Proxima, 4 light-years away

The Three-Body Problem

In the novel “The Three-Body Problem,” the Trisolaris system is actually the Proxima Centauri star system located 4.22 light-years away. In the movie “The Wandering Earth,” the ultimate destination of human civilization is also the Proxima Centauri star, but this star system, closest to the sun, seems far from peaceful.

On April 29, 2019, the Parkes Radio Telescope in New South Wales, Australia, focused on Proxima Centauri. Its primary mission was to study the massive flares emitted by this star and its secondary mission was to search for signals of intelligent civilizations near Proxima Centauri. Eventually, this dual-purpose observation led to an unexpected discovery: a signal at a frequency of 982.002 megahertz that clearly originated from Proxima Centauri.

Why Wasn’t this Signal Discovered by Astronomers Earlier?

This is because monitoring Proxima Centauri was not a primary focus of the astronomical community. The mysterious signal detected this time was actually discovered by astronomers collaborating with the Breakthrough Listen project, initiated by the Russian billionaire Yuri Milner in 2015, with a budget of $100 million. The project aimed to scan at least one million stars globally through funding radio telescopes to search for traces of extraterrestrial civilizations within ten years.

Currently, this signal has been named BLC-1, representing “Breakthrough Listen Candidate 1.” It stands out in several aspects: firstly, its frequency of 982 megahertz is a band beyond human technological reach, and it also exhibits a slight Doppler effect, indicating that the signal source is not stationary but in motion.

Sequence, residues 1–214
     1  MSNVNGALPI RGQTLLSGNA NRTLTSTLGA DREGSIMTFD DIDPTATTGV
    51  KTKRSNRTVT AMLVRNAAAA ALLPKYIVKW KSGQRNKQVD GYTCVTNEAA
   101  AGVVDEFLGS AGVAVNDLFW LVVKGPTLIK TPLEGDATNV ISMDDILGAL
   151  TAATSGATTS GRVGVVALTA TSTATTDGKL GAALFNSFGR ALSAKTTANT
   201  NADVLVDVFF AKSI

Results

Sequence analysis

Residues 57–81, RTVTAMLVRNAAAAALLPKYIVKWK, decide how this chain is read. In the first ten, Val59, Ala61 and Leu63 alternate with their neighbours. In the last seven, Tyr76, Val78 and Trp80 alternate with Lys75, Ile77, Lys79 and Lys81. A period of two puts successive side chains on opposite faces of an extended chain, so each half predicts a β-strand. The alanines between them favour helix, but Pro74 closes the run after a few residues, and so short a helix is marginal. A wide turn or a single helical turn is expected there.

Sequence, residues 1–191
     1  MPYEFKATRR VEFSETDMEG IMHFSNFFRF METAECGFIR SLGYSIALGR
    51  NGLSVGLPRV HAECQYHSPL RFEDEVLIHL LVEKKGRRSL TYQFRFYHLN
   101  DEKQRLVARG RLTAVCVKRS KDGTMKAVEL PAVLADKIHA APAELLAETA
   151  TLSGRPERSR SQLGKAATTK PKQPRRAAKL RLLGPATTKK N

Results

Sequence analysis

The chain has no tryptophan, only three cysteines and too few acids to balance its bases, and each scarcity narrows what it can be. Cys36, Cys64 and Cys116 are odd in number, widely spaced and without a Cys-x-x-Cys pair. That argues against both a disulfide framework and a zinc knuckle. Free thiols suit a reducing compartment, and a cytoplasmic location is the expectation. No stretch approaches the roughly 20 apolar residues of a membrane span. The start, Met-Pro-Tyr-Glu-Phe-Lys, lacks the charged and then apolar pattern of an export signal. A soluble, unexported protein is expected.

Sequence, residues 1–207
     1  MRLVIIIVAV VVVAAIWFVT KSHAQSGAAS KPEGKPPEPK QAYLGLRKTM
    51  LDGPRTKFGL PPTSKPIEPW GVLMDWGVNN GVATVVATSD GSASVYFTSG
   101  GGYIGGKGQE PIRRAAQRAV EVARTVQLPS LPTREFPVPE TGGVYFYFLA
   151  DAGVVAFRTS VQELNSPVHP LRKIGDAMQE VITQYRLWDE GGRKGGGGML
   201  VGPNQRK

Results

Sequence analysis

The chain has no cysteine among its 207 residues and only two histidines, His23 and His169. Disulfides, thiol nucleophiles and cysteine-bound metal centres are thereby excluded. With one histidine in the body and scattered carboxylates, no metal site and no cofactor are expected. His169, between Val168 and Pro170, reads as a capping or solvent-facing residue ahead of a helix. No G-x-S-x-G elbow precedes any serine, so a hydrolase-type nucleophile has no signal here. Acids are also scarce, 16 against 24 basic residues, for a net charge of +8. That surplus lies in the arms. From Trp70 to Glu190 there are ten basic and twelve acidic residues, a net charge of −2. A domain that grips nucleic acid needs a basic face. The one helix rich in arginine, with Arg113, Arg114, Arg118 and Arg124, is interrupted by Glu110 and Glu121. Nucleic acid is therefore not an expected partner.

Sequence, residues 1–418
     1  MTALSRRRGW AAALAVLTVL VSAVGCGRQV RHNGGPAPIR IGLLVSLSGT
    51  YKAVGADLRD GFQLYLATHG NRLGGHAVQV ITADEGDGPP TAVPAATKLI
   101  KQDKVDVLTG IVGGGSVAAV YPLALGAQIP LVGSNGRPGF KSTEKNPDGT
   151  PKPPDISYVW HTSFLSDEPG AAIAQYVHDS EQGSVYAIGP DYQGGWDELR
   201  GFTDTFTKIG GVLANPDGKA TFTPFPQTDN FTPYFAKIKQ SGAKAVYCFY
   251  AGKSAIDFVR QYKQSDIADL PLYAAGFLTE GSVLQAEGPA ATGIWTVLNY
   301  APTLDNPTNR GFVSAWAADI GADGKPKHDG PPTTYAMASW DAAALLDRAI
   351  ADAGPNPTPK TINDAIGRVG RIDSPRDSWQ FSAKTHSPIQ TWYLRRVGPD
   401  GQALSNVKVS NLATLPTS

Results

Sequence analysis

Specifically, astronomers believe that the signal source is located on a planet near Proxima Centauri. Currently, it is known that Proxima Centauri has at least two planets, Proxima Centauri b and Proxima Centauri c, with Proxima Centauri b being an Earth-like planet located within the star’s habitable zone. Although it may be tidally locked to Proxima Centauri, theoretically, it could maintain suitable temperatures near the terminator zone to evolve civilizations.

Although many view this signal as evidence of extraterrestrial life, there is still scientific divergence. Some argue that the frequency’s proximity to an integer value indicates an Earthly origin, while others point out the unlikelihood of two habitable planets being so close in the vast universe, suggesting that intelligent civilizations in the cosmos could outnumber today’s Earth’s population.

However, some scientists speculate that this signal could be a beacon or relay station for extraterrestrial civilizations, with Proxima Centauri or Proxima Centauri b merely acting as relay stations, a concept reminiscent of “Contact” but with Proxima Centauri replacing Vega. In such a scenario, besides Proxima Centauri, there are likely other star systems serving as nodes in the Milky Way, creating an interstellar communication network spanning the entire galaxy.

The excitement surrounding BLC-1 currently evokes memories of the Wow! signal from 1977, an unresolved and unmatched signal till this day. For decades now, astronomers have been driven by it to search for extraterrestrial life. One thing is certain: the discovery of extraterrestrial life will fundamentally change our understanding of the universe, rendering all past achievements of human civilization pale and insignificant in comparison.

In Conclusion

Whether the signal from Proxima Centauri is a cosmic coincidence or a beacon from a distant civilization, it reminds us of the vastness and near-infinite possibilities of the universe. As part of the myriad of civilizations in the universe, human civilization might just be among the most advanced civilizations in the cosmos.

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